Range of Color
Put Your Kitchen to Work
Architect Christy Blumenfeld’s tips for functional design.
Keep it close. Real close.
Blumenfeld recommends keeping your refrigerator, cooktop, and sink in a tight 15-foot working triangle. If your kitchen is a larger scale, add a refrigerator drawer in the triangle with your necessities like milk, butter, and eggs.
Take two of everything!
Think about the functionality of the kitchen first. “We’ve been doing a lot of double sinks—two separate sinks side by side—so two family members can clean. It makes entertaining fun and easy,” she says.
Splurge on details.
Add a skylight and use high-end hardware in your kitchen as it’s the room that gets the most traffic. Spend a little more on better light and long-lasting functionality.
Where to Deck Out Your Shelves
Now that you’ve decided to add an open shelf or two to your kitchen, start collecting a showcase-worthy collection of dishes, cookware, and containers. A must-stop on your shopping list is Set & Co. The artisanal kitchen shop has a well-edited collection of ceramics and cooking pieces—including Crane enamel cast iron pots, Sambonet’s sauce pots, Netherton Foundry’s modern take on the tea kettle, and Atelier Polyhedre’s terracotta pitchers—that also double as sculptural pieces of art.
Game of Stones
Can you match each personality to a slab from The Stone Collection?
Pros: It’s an engineered quartz that features a stainless surface, is stronger than granite, and has less water absorption than quartz. It comes in seven veining patterns that mimic natural stone. Also, it’s kid proof!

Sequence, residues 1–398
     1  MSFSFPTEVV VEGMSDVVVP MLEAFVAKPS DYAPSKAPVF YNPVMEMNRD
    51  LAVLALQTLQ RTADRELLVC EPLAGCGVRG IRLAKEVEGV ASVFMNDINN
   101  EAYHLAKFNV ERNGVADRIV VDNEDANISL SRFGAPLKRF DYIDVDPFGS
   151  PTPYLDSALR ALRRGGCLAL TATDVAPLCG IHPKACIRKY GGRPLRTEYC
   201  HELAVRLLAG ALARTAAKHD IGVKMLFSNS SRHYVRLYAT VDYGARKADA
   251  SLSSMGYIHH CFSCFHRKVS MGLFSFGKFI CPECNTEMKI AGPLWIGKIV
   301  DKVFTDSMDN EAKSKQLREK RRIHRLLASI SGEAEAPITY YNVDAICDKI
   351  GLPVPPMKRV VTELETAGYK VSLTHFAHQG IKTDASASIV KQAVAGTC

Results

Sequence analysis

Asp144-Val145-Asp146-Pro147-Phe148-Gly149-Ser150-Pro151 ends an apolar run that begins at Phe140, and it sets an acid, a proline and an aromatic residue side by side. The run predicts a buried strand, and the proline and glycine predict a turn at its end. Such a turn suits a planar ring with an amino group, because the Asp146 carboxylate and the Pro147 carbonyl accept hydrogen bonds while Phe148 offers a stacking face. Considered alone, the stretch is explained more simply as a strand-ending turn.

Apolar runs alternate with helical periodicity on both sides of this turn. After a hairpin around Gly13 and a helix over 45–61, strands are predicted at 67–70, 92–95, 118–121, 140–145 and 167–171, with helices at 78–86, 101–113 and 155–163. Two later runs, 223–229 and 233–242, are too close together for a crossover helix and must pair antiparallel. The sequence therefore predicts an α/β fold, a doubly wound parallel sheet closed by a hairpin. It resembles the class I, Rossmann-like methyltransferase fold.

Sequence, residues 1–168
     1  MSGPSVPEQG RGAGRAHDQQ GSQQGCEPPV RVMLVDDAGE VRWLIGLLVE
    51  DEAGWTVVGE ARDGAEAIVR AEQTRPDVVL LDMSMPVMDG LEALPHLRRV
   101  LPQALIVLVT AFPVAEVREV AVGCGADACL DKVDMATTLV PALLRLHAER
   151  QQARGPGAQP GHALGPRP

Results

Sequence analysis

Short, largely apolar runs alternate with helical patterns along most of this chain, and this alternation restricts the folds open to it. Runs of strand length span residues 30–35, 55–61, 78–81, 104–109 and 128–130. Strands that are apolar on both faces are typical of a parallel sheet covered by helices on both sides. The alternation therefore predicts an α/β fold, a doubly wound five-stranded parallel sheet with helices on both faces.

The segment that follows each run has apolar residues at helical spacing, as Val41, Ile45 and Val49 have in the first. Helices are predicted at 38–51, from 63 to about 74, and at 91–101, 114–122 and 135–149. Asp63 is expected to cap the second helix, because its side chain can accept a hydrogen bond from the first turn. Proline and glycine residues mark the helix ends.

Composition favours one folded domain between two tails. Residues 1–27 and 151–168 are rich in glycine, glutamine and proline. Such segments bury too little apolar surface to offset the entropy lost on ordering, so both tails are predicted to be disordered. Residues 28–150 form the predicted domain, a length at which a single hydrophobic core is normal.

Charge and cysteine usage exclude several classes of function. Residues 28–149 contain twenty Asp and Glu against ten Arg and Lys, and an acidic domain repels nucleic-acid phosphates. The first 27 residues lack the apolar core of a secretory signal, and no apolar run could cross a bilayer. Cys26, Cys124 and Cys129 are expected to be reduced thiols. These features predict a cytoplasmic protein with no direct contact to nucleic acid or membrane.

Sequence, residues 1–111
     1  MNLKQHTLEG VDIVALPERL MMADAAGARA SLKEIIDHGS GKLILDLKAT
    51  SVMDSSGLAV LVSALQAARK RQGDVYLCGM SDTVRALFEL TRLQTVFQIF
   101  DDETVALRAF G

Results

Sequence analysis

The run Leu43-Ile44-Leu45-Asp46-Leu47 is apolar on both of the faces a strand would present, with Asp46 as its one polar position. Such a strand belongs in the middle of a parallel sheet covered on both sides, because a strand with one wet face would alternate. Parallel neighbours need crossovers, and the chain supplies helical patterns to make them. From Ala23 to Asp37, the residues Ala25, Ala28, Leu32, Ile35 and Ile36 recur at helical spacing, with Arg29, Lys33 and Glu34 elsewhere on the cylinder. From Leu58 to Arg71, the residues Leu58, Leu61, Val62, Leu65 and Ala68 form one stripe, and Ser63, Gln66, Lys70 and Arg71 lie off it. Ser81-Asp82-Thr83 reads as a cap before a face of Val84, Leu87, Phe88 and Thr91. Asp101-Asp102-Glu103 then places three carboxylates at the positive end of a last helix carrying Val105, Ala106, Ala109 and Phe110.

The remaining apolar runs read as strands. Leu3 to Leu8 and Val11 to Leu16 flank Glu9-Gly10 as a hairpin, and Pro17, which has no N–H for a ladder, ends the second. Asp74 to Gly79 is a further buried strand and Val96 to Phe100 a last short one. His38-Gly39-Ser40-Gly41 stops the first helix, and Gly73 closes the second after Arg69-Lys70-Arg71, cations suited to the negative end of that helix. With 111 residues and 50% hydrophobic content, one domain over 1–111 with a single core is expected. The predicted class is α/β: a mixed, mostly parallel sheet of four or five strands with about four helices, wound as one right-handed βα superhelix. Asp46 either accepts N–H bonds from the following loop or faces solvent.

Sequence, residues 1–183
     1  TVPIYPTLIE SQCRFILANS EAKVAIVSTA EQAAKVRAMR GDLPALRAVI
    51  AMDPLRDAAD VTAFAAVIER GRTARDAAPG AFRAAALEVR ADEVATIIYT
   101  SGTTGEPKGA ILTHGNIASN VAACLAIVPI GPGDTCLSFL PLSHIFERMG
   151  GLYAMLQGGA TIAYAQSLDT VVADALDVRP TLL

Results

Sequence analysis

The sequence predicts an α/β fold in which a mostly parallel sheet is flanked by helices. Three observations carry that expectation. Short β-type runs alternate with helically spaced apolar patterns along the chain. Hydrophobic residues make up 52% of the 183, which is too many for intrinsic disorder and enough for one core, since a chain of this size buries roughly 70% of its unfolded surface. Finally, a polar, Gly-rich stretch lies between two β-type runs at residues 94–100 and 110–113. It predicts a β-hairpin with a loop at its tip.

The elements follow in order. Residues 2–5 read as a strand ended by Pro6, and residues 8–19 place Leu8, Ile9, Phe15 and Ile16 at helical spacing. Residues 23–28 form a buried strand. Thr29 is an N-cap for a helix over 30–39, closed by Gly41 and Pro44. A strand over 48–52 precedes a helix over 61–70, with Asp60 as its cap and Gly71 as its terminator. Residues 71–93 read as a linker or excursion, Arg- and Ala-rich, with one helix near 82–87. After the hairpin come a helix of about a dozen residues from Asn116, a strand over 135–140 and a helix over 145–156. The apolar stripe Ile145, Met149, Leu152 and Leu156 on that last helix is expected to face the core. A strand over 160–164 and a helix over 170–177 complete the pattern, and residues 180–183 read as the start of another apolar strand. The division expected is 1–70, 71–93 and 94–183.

Cons: While it looks like stone, the purest at heart may still want a natural stone.
Pros: The mineral-based Pyrolithic Stone overcomes the imperfections of marble and comes in seven colors that are inspired by natural stone. It’s stain, acid, scratch, heat, frost, UV, and chemical resistant.
Cons: The color pattern is limited.
Pros: This stone is classic and is the product of choice by sophisticated chefs. Marble is especially wonderful for those who like to bake since it’s naturally cool.
Cons: You must choose the correct marble for the application. Customers need to understand the expectations (i.e., chipping and staining), and it may not satisfy all.
Pros: The options are endless—agates, quartz, petrified wood, jasper, malachite, obsidian, sodalite, and amethyst are formed into surfaces by highly skilled craftsmen.
Cons: The customer must appreciate the artistic work that goes into each hand-laid piece to understand the economics behind purchasing the stone.